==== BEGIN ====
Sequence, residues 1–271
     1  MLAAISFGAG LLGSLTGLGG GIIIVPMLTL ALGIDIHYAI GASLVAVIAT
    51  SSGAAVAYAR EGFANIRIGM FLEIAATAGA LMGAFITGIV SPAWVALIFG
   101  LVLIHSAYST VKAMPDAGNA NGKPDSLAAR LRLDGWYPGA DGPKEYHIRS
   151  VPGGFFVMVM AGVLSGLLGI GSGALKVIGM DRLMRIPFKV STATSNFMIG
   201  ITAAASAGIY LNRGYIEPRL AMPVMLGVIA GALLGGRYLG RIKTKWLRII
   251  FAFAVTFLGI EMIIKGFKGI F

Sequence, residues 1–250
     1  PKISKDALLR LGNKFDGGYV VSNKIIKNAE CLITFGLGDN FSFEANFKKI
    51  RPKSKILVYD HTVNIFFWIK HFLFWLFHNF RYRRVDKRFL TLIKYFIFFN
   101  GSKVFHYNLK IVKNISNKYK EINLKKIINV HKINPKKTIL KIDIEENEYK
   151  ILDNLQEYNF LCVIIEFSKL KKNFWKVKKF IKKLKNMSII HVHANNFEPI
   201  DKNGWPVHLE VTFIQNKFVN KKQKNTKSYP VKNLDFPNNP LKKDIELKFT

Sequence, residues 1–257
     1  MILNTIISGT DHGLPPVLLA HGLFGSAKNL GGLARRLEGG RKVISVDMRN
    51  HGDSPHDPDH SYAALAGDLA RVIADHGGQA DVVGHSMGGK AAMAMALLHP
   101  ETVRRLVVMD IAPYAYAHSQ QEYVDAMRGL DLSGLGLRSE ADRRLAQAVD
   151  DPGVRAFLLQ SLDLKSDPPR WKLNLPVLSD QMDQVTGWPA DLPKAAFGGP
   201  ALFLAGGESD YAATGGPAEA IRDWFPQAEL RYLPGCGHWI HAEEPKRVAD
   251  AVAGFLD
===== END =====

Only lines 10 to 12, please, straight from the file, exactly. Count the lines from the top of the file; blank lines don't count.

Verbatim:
    51  RPKSKILVYD HTVNIFFWIK HFLFWLFHNF RYRRVDKRFL TLIKYFIFFN
   101  GSKVFHYNLK IVKNISNKYK EINLKKIINV HKINPKKTIL KIDIEENEYK
   151  ILDNLQEYNF LCVIIEFSKL KKNFWKVKKF IKKLKNMSII HVHANNFEPI